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Airport security: enough to turn one to drink

Brandon Hamber

"Look South" Column published on Polity, 3 November 2006

Recently, when I checked into the newly renamed George Best Belfast City Airport, I was asked if I was carrying any liquids. I found myself gagging as I suppressed a giggle. Attempts at humour in airports these days are enough to leave you sun-tanning in an orange jumpsuit in Guantanamo Bay. Further, my snigger was in bad taste. Not everyone would see the funny side of the question, least of all the footballing legend George Best, who had a serious drink problem. Security these days is, of course, no laughing matter. There are genuine threats. To this end, I do not mind security procedures. But I want them to be logical, make me feel safer and minimise disruption. But, frankly, security officials at some airports seem to be making procedures up as they go along.

When travelling to the US recently with my wife and child, we had to taste six jars of baby food and four baby bottles at Belfast International Airport prior to departure. Our child’s teething gel was confiscated, his nappy rash lotion, and my wife’s hand cream, presumably a precaution against passengers making a bomb as a desperate measure to cope with a cranky child on a long-haul flight. On the way back, the US authorities let the teething gel, baby food, nappy rash lotion and hand cream through without a word, but refused to allow us to take the sterilised water through in the baby’s bottles. However, they were appeased when we mixed the powered formula into the bottles, although no tasting was required. When my wife explained that we had been able to carry the water through on the way there, the security guard replied: “This is the US”, as if we did not know that. I know that different jurisdictions probably have different rules. But, surely, if someone knew what was going on, there would be uniformity. Could the same security officials who thought there were weapons of mass destruction in Iraq be those deciding what is hazardous on aeroplanes? Alternatively, the plan is to make the procedures so confusing that they leave would-be bombers so perplexed that they choose another mode of transport.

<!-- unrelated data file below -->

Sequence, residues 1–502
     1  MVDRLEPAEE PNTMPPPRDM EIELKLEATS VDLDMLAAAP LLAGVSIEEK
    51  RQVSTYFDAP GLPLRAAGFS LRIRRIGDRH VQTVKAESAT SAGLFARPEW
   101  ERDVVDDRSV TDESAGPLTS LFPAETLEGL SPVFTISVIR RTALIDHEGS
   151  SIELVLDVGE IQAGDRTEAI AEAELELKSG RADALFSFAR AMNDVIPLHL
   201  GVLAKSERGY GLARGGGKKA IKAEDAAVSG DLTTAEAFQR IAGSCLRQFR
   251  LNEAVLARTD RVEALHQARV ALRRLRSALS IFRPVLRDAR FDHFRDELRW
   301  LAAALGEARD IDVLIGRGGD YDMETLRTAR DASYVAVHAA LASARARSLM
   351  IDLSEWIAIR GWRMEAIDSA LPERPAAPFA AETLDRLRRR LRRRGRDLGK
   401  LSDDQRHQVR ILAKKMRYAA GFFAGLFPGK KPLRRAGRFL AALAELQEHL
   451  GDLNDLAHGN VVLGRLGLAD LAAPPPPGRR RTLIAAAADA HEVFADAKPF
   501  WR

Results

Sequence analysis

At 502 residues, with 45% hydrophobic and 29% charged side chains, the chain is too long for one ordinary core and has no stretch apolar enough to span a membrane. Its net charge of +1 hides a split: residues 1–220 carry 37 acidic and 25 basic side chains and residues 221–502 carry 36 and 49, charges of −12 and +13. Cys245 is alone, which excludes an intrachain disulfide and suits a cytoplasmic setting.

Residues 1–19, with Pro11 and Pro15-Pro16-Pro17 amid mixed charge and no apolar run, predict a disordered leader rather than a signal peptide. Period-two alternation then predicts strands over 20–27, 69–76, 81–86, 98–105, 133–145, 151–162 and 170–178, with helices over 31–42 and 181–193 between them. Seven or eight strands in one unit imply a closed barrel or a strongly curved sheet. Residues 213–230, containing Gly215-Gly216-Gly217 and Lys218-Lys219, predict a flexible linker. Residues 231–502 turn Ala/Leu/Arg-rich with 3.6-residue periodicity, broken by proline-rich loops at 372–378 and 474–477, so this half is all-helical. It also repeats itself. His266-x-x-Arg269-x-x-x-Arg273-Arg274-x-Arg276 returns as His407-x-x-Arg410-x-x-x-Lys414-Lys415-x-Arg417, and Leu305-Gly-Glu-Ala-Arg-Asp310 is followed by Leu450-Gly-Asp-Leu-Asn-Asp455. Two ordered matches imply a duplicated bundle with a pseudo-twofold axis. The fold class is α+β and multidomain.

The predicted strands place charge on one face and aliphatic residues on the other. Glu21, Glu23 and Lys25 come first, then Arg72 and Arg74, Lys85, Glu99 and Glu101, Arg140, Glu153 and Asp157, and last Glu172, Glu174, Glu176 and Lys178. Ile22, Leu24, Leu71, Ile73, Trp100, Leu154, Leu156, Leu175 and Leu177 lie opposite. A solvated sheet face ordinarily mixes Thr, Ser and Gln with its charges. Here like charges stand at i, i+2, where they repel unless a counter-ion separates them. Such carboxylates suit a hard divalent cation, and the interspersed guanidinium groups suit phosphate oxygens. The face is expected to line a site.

I know I should not make light of this important issue, and people have suffered as a result of security failures and misdirected acts of aggression, but questions have to be asked. According to airport authorities, the new security procedures have put an enormous weight on their shoulders, thus creating the mayhem.

The UK government, in turn, asks commuters for patience because it is the nasty terrorists who are the problem, not security officials. They revel in pointing out that the 9/11 attacks preceded the Iraq war. But other airports, such as those in Germany or Spain, countries which do not have troops in Iraq, are not in turmoil.

So there is a dual problem. Firstly, there is the denial in the UK that the Iraq invasion is related to the security situation at airports. Secondly, from my travels through a number of airports, there is ample evidence that suggests that no-one knows what he or she is doing. Cumulatively, this makes me feel a lot more insecure than before.

I understand this is a difficult time. But, as with this entire debacle of this so-called and amorphous ‘war on terror’, something is amiss and this involves ordinary people. Indiscriminate acts of terror against civilians, failure to listen to ordinary people opposed to the Iraq war, bombing civilians in Iraq who bear no relation to the original ‘war on terror’, and now forcing people through chaotic security systems, all add up to the same thing – we mere mortals are cannon fodder. We are caught in the cross-fire between a bunch of men who think they are all-powerful. It really winds me up and now I really need a drink.

Brandon Hamber writes the column "Look South": an analysis of trends in global political, social and cultural life and its relevance to South Africa on Polity, see

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